“Writers and Human Rights”

“Writers and Human Rights”

The Forum, January 1935

It is probably true of every reader of a review like THE FORUM that he feels some sympathy for all recently formulated political ideas and all contemporary forms of civilized government. He realizes that every one of them manifests the convictions and even the pieties of honest men and that the new forms represent in their respective societies an effort to correct abuses and to cure disorders consequent on a rapidly changing world. In effect, the intelligent, open-minded reader feels himself in sympathy with certain ideas of communism, certain ideas of fascism; with certain facets of dictatorship and the ordered state. He is in sympathy with many of the new ideas but he also wants preserved what is fine in the old: in the new order, for instance, an hereditary aristocracy is doomed; but why not try to perpetuate the finest of those qualities evolved by an aristocracy or attached to the aristocratic principle? Why not try to preserve the finest of those qualities evolved by any class or division of men, irrespective of whether such class or division is to disappear as time goes on?

Granted such widespread sympathies and interests, how can an intelligent and open-minded man decide what political ideas call forth his deepest allegiance ? The best help to a decision, it seems to me, is not to limit one’s reading to politics alone but to make a selection, even a haphazard selection, among the contemporary books that represent the major intellectual and spiritual interests of men—religion and morals, poetry and philosophy, politics and science. We are lucky in that amongst recently published books we can find a volume by the greatest living philosopher, Henri Bergson; volumes by two of the deepest political thinkers in English, Walter Lippman and Bertrand Russell; a view of the world by Albert Einstein, the most famous of living scientists; a collection in two volumes of the best poetry in English, beginning with Wordsworth and ending with the major figures of our time, selected by James Stephens. In addition there are any number of books on fascism and communism, some by wise men and some by foolish, from which a reader can make any selection that suits him.

Well, after this course of reading by our intelligent and open-minded man, one could prophesy with nearly every degree of certainty, that he would reach the conclusion that democracy, with all its faults and failures, is the only form of government which can be fairly inclusive; that is, which can bring within itself the real benefits visualized by the others and at the same time leave people with a fair amount of freedom, economically and spiritually, socially and politically. But another conclusion that would force itself upon him is that in no society can we ever again have the nineteenth-century kind of freedom: what the economic-minded people termed laissez faire—the policy of non-interference of government in economics — is as dead as any idea can be.

The look of the words laissez faire suggests to me that, before going into consideration of why democracy is the form the intelligent, open-minded man would choose, some definitions are in order. I will endeavor to find a meaning for the various terms juggled around in contemporary writing on government, politics, and the class war.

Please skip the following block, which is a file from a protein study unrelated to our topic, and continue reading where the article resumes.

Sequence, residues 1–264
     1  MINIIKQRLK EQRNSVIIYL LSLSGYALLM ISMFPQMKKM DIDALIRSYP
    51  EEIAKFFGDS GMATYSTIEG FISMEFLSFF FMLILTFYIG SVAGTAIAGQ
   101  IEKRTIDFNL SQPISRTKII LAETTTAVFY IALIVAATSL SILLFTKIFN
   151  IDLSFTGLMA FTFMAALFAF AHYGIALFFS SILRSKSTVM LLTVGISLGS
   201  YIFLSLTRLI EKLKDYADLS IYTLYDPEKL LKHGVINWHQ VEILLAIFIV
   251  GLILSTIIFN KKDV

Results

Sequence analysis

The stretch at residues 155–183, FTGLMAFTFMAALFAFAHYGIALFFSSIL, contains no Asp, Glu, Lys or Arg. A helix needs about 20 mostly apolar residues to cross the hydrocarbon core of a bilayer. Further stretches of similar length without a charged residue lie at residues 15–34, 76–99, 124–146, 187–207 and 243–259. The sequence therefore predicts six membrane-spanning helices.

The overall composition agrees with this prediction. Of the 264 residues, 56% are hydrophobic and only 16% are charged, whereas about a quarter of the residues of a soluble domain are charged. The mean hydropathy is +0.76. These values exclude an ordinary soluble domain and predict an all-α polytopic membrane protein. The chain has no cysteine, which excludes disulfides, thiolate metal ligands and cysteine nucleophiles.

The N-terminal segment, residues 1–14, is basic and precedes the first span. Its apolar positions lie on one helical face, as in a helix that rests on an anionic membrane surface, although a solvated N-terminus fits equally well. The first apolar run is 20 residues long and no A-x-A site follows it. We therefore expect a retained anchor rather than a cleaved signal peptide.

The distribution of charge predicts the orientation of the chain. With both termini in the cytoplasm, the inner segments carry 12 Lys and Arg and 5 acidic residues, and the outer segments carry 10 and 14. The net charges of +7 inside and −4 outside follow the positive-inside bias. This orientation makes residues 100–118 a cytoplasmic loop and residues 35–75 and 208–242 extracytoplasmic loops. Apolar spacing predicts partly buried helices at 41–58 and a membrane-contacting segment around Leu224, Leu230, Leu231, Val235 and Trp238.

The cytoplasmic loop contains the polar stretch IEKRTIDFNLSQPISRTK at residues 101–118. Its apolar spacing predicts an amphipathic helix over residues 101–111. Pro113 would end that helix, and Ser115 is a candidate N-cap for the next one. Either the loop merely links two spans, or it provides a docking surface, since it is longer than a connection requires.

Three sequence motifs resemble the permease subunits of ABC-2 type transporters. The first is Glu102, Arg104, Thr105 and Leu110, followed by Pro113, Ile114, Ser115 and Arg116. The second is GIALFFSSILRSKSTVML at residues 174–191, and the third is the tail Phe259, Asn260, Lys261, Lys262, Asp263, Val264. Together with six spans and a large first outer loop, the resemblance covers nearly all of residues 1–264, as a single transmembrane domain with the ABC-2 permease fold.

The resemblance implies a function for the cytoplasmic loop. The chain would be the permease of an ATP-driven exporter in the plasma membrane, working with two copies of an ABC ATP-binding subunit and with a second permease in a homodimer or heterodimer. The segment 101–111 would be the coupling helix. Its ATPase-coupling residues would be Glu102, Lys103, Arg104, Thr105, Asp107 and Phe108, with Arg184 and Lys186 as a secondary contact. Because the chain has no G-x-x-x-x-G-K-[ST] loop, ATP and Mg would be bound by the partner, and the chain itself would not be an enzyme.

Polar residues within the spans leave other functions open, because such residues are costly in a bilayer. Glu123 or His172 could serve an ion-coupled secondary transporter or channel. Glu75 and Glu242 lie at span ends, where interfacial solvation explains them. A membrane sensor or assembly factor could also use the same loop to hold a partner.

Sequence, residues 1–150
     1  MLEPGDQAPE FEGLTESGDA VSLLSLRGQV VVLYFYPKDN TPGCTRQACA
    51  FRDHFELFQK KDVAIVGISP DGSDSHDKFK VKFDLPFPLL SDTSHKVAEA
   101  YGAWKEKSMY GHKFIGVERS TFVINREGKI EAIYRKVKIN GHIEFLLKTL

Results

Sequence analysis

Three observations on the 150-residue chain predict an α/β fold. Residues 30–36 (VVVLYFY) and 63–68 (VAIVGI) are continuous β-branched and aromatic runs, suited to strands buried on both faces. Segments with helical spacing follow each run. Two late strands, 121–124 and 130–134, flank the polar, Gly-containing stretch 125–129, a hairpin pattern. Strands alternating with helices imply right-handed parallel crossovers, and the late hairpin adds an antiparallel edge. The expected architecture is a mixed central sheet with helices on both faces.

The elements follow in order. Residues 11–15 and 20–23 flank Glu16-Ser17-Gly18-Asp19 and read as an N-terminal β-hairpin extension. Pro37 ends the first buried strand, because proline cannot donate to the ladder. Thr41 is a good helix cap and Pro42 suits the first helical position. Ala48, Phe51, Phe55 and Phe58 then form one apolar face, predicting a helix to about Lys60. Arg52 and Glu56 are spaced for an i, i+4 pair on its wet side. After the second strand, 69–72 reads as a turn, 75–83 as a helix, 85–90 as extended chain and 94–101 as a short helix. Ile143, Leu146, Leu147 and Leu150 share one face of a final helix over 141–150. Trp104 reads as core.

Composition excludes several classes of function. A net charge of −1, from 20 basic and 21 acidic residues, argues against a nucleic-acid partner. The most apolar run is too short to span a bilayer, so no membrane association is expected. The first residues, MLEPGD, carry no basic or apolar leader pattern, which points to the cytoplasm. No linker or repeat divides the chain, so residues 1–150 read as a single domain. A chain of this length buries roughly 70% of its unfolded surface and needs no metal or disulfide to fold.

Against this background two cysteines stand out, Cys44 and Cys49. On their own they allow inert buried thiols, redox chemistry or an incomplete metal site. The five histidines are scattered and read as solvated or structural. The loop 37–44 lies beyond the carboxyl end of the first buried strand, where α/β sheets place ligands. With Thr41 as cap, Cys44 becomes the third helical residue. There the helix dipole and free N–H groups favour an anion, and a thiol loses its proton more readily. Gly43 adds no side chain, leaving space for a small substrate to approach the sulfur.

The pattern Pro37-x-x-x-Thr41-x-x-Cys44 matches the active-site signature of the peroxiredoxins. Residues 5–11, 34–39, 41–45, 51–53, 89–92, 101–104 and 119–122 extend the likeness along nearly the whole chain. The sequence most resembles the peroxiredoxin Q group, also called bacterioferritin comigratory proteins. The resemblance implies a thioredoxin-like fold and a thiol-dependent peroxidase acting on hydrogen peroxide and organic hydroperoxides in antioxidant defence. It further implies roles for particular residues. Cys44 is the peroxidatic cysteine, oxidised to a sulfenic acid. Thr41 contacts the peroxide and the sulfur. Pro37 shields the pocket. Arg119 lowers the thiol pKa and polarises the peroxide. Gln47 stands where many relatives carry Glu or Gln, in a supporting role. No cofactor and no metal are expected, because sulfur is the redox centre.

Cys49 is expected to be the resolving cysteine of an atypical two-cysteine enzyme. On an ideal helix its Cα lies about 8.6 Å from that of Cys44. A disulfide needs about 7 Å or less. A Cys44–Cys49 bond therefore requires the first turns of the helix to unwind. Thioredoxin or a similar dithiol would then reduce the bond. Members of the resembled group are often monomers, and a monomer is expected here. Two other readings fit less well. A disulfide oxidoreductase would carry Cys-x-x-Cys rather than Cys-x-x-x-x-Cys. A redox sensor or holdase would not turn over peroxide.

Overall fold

WHAT IS connoted by “proletariat”? I take the definition from Walter Lippmann’s . The proletariat comprises “those who do not have property or a dependable occupation which assures them an income for their principal needs. The characteristic of the proletarian is not the meagerness of his income but its uncertainty. He lives in a condition of economic insecurity.” While it is the fashion now to use such terms as proletariat and bourgeois only in their economic import, actually these terms have two or more meanings. To the economic proletariat belong a great many who are not of it culturally; to the bourgeoisie belongs economically an array of people whose cultural life cannot be described by that term. “The characteristic of the proletariat is not the meagerness of his income but its uncertainty.” The most striking example in American history would be Edgar Allan Poe: belonging to the proletariat so defined, he was one of the highest geniuses the country has produced; his economic insecurity was such that his dying wife, to keep herself warm, had to keep his overcoat across her with a sleeping cat to give heat to her chest.

What is the bourgeoisie? This is a class in which there are more divisions, even economically speaking, than in any other. Writers of the extreme left often maintain that the bourgeoisie came up after the French Revolution. What they really mean is that the industrial capitalist with his origins in the working class came into power after 1789. But the bourgeois as the man of moderate property and with some security existed as a class for long centuries; his importance to the state was carefully considered by Aristotle in the Politics. As to what is meant by the term in contemporary political writing, I take from the Russian philosopher who was formerly a supporter of the Soviets, Nicholas Berdyaev: “The bourgeois is a man who is out to get rich by his own personal efforts, initiative, and energy” — in short, he is the man who becomes the industrialist and the capitalist, who, as Berdyaev goes on to say, “produced conditions of work which were more inhuman than those of serfdom and which cannot be justified in the conscience of a Christian.” It is very important to consider now what we mean by the bourgeoisie in the intellectual order — what, actually, do artists mean when they make use of the term? The bourgeois of the artist is a negative qualification, marked by hostility or dullness to things of the mind; he can belong to any class. He has, to use Bergson’s phrase, “the closed soul,” and for that he is as much hated by the artist as the economic bourgeois is hated by the proletarian. Thus we have three definitions of the bourgeois.